Texas Frontier Gallery

In the Texas Frontier Gallery, Anglo-American influence in Texas gets an in-depth look, with displays covering Mexican rule, Texan independence, and American statehood. Learn about 19th-century Mexico's problems with American illegal immigrants and the dinnerware inspired by the Mexican-American War.

The History

Portrait of Stephen F. Austin, J. Parroll (c. 1820)
Portrait of Stephen F. Austin,
J. Parroll (c. 1820)

In the late 18th and early 19th centuries, there were several attempts made to invade Texas for the purpose of creating an independent territory. These invaders were called "filibusters," and they included Ellis Bean, Xavier Mina, and James Long, among others. All failed in their illegal attempts to occupy Texas, but their movements and ideas of independence were part of a larger, looming historical event.

Around the beginning of the 19th century, Spanish officials allowed individuals to apply for "empresario grants," large chunks of land in Texas on which the empresario or entrepreneur would work to settle colonists. Moses Austin, Stephen F. Austin's father, acquired his empresario contract in 1819, just prior to his death. When Moses died, Stephen took over the contract and sought the approval of first the Spanish government and, following the Mexican War of Independence (1810-1821), the Mexican government. He successfully brought legal colonists to Texas and, over the next decade and a half, received more empresario grants.

Map of Texas with Adjoining Parts of the United States, Henry S. Tanner (1833)
Map of Texas with Adjoining Parts of
the United States
, Henry S. Tanner (1833)
Santa Anna's Smoking Cap, Courtesy of the Rosenberg Library, Galveston, Texas (c. 1836)
Stephen F. Austin's Cattle Horn Powder Flask (1800s)

Other men sought such grants, and while some were successful in recruiting families to move to their land, many were not. Some empresarios, in hopes of being successful, organized land companies to advertise and sell their land as well as transport colonists, typically from New York, to Texas.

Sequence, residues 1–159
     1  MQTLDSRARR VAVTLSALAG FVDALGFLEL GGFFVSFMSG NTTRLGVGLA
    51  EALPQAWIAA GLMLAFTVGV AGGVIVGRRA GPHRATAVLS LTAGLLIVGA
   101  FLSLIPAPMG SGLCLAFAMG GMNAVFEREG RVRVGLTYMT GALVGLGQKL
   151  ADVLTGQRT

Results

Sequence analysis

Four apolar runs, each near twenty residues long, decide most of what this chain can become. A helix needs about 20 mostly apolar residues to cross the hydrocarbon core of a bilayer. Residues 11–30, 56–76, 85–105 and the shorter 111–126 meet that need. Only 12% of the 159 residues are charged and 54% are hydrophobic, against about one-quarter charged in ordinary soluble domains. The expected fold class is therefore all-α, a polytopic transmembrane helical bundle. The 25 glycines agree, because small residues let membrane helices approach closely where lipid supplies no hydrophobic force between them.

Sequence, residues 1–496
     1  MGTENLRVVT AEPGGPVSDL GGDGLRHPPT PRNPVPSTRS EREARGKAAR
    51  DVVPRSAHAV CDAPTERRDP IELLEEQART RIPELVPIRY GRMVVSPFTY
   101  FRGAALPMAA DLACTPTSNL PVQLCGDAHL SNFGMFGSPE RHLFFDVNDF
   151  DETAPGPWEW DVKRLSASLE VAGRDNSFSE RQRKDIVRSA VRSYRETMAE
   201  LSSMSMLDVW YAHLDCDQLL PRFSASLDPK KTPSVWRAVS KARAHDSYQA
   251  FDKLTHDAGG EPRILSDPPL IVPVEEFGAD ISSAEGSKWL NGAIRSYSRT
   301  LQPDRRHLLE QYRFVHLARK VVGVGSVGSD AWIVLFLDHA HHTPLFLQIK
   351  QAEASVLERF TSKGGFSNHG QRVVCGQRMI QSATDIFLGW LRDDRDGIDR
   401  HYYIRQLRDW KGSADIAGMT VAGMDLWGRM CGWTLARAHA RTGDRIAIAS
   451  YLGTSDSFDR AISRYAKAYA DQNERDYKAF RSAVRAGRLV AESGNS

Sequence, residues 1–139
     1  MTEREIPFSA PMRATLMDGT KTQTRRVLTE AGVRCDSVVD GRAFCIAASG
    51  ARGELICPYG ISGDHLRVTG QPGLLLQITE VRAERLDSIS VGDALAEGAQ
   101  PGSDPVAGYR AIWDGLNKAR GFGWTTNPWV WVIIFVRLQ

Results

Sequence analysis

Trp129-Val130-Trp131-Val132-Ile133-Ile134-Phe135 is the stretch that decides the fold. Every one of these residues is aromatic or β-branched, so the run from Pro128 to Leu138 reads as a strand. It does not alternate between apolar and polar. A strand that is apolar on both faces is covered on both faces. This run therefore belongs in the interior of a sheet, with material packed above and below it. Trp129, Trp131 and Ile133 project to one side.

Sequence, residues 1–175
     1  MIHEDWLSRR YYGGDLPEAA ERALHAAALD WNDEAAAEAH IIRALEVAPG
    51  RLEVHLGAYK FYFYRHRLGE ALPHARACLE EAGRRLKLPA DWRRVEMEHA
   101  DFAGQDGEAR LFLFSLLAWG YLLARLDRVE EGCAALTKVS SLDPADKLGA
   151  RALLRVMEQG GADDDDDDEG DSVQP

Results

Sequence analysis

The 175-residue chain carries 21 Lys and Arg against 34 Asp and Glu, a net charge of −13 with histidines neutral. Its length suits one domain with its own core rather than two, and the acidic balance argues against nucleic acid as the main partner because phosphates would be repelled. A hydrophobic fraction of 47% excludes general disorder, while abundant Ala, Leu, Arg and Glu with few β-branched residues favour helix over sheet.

The Galveston Bay and Texas Land Company is the best example, combining the land of three empresarios under one company. Land companies were also known for their dubious legality in Texas.

When Antonio López de Santa Anna came to power in Mexico, he threw out the Constitution of 1824. This upset many of the colonists in Texas. Combined with other grievances, many became determined to create an independent Texas. In 1835, the Consultation, a provisional Texas government, formed and declared independence. Santa Anna marched a large Mexican Army across the Rio Grande into Texas. He annihilated the Texians at the Alamo, ordered the entire captured army at Goliad to be executed, and pursued Sam Houston's Texian army, prompting the "Runaway Scrape" across Texas to safety along the Louisiana border. Santa Anna's army caught up with Houston, and on April 21, 1836, Houston defeated the Mexican army at the Battle of San Jacinto, securing Texas's independence from Mexico.

Joel Robison's U.S. Army Pattern 1832 Foot Artillery Short Sword ('The Sword That Captured Santa Anna'), N.P. Ames Co. (c. 1832)
Joel Robison's U.S. Army Pattern 1832 Foot Artillery Short Sword ("The Sword That Captured Santa Anna"), N.P. Ames Co. (c. 1832)

Over the next decade, the Republic of Texas operated as a sovereign nation. Houston was elected the first president, and the basics of a nation were created: a postal system, a standing army, a navy, money, legislatures, etc. The Republic allowed colonization to continue, prompting a group of German nobles to purchase a large area of land and settle families near present-day Fredericksburg, Texas. The Republic was annexed by the United States in 1845.

Mexico never recognized Texas's independence, and when the United States annexed Texas, the two countries fought from 1846-48, called the Mexican-American War. U.S. troops entered Mexico City, prompting an end to hostilities. Mexico yielded all of present-day Texas, New Mexico, Arizona, Nevada, and California, as well as parts of Kansas, Colorado, Oklahoma, and Wyoming.